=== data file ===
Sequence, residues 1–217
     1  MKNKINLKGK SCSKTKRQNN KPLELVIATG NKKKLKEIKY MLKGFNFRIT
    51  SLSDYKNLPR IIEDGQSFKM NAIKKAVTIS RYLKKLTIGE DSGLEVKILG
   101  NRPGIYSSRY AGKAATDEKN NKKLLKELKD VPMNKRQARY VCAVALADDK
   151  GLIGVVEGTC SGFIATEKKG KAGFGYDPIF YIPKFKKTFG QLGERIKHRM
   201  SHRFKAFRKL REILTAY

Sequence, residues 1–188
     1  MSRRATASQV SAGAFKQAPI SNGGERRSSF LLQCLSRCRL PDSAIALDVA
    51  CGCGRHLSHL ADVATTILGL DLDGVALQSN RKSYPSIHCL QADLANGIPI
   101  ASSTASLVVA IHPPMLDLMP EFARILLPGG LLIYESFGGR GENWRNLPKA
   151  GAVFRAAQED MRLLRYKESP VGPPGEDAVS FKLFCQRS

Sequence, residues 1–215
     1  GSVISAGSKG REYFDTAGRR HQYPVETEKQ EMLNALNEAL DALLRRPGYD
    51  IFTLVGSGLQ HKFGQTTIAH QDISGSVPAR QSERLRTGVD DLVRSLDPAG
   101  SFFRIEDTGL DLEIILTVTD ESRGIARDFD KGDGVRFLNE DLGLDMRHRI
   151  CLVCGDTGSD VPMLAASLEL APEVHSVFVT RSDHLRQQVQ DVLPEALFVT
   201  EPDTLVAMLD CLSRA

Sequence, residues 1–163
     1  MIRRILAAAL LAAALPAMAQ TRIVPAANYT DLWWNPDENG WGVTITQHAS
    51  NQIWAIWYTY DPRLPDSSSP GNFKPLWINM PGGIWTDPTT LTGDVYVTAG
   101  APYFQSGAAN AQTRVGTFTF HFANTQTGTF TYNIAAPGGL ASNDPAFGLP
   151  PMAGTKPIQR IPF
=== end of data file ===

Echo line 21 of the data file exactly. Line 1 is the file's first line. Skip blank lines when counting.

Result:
   101  APYFQSGAAN AQTRVGTFTF HFANTQTGTF TYNIAAPGGL ASNDPAFGLP